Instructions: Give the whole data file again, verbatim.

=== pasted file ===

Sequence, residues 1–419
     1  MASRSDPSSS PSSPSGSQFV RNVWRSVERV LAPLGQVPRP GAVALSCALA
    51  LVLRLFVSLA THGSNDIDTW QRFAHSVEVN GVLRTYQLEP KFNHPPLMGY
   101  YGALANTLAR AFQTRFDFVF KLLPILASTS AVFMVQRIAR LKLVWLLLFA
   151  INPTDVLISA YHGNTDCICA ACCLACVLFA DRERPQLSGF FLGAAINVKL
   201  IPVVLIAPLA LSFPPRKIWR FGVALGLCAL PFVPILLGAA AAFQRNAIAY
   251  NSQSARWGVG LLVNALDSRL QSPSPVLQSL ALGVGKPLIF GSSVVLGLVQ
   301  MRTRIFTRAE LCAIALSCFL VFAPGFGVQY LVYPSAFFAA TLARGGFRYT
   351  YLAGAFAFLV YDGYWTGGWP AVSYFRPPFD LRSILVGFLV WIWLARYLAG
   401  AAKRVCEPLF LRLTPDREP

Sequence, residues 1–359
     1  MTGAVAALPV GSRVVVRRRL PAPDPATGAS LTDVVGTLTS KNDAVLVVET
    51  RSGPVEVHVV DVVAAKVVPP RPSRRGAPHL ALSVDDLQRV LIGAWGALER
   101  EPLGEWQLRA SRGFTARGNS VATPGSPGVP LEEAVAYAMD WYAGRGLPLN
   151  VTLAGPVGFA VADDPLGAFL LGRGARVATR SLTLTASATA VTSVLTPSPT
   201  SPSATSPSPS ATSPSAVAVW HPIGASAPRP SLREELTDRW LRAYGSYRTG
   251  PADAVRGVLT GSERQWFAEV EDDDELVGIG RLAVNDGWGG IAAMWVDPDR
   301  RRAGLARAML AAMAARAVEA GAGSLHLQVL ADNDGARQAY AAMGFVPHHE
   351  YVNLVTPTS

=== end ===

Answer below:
Sequence, residues 1–419
     1  MASRSDPSSS PSSPSGSQFV RNVWRSVERV LAPLGQVPRP GAVALSCALA
    51  LVLRLFVSLA THGSNDIDTW QRFAHSVEVN GVLRTYQLEP KFNHPPLMGY
   101  YGALANTLAR AFQTRFDFVF KLLPILASTS AVFMVQRIAR LKLVWLLLFA
   151  INPTDVLISA YHGNTDCICA ACCLACVLFA DRERPQLSGF FLGAAINVKL
   201  IPVVLIAPLA LSFPPRKIWR FGVALGLCAL PFVPILLGAA AAFQRNAIAY
   251  NSQSARWGVG LLVNALDSRL QSPSPVLQSL ALGVGKPLIF GSSVVLGLVQ
   301  MRTRIFTRAE LCAIALSCFL VFAPGFGVQY LVYPSAFFAA TLARGGFRYT
   351  YLAGAFAFLV YDGYWTGGWP AVSYFRPPFD LRSILVGFLV WIWLARYLAG
   401  AAKRVCEPLF LRLTPDREP

Sequence, residues 1–359
     1  MTGAVAALPV GSRVVVRRRL PAPDPATGAS LTDVVGTLTS KNDAVLVVET
    51  RSGPVEVHVV DVVAAKVVPP RPSRRGAPHL ALSVDDLQRV LIGAWGALER
   101  EPLGEWQLRA SRGFTARGNS VATPGSPGVP LEEAVAYAMD WYAGRGLPLN
   151  VTLAGPVGFA VADDPLGAFL LGRGARVATR SLTLTASATA VTSVLTPSPT
   201  SPSATSPSPS ATSPSAVAVW HPIGASAPRP SLREELTDRW LRAYGSYRTG
   251  PADAVRGVLT GSERQWFAEV EDDDELVGIG RLAVNDGWGG IAAMWVDPDR
   301  RRAGLARAML AAMAARAVEA GAGSLHLQVL ADNDGARQAY AAMGFVPHHE
   351  YVNLVTPTS